OVERVIEW Prescription drugs are essential to improving the functioning and quality of life for patients living with acute or chronic medical conditions. Although all prescription drugs have some misuse risk, of particular concern is the misuse and abuse of the drugs identified by the Drug Enforcement Administration (DEA) as controlled substances. These products, such as prescription opioids, have high abuse potential and can lead to life-threatening adverse events when taken in excess or in combination with other drugs.1,2 Prescription drug abuse and overdose is a serious public health problem in the United States. Drug overdose death rates in the U.S. increased five-fold between 1980 and 2008, making drug overdose the leading cause of injury death.3 In 2013, opioid analgesics were involved in 16,235 deaths  —  far exceeding deaths from any other drug or drug class, licit or illicit.4 According to the National Survey on Drug Use and Health (NSDUH), in 2012 an estimated 2.1 million Americans were addicted to opioid pain relievers and 467,000 were addicted to heroin.5 These estimates do not include an additional 2.5 million or more pain patients who may be suffering from an opioid use disorder because the NSDUH excludes individuals receiving legitimate opioid prescriptions.6 A public health response to this crisis must focus on preventing new cases of opioid addiction, early identification of opioidaddicted individuals, and ensuring access to effective opioid addiction treatment, while at the same time continuing to safely meet the needs of patients experiencing pain. It is widely recognized that a multi-pronged approach is needed to address the prescription opioid epidemic. A successful response to this problem will target the points along the spectrum of prescription drug production, distribution, prescribing, dispensing, use and treatment that can contribute to abuse; and offer opportunities to intervene for the purpose of preventing and treating misuse, abuse and overdose. This report provides a comprehensive overview of seven target points of opportunity, summarizes the evidence about intervention strategies for each, and offers recommendations for advancing the field through policy and practice. #1: Prescribing Guidelines #2: Prescription Drug Monitoring Programs #3: Pharmacy Benefit Managers and Pharmacies #4: Engineering Strategies #5: Overdose Education and Naloxone Distribution Programs #6: Addiction Treatment #7: Community-Based Prevention The remainder of this report is organized by these seven topic areas.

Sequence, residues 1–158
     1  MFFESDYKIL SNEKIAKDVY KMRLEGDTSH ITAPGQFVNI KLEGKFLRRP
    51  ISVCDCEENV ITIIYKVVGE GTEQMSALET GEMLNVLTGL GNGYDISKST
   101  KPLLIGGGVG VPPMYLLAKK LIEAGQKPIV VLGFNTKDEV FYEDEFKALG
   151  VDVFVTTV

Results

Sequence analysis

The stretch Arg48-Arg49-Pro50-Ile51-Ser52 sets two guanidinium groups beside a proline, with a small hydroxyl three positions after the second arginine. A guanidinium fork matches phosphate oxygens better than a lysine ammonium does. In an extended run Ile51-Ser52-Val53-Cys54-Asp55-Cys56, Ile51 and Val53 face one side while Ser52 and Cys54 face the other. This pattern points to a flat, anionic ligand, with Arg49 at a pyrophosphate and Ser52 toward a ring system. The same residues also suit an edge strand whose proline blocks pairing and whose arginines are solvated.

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The Prescription Opioid Epidemic: An Evidence-Based Approach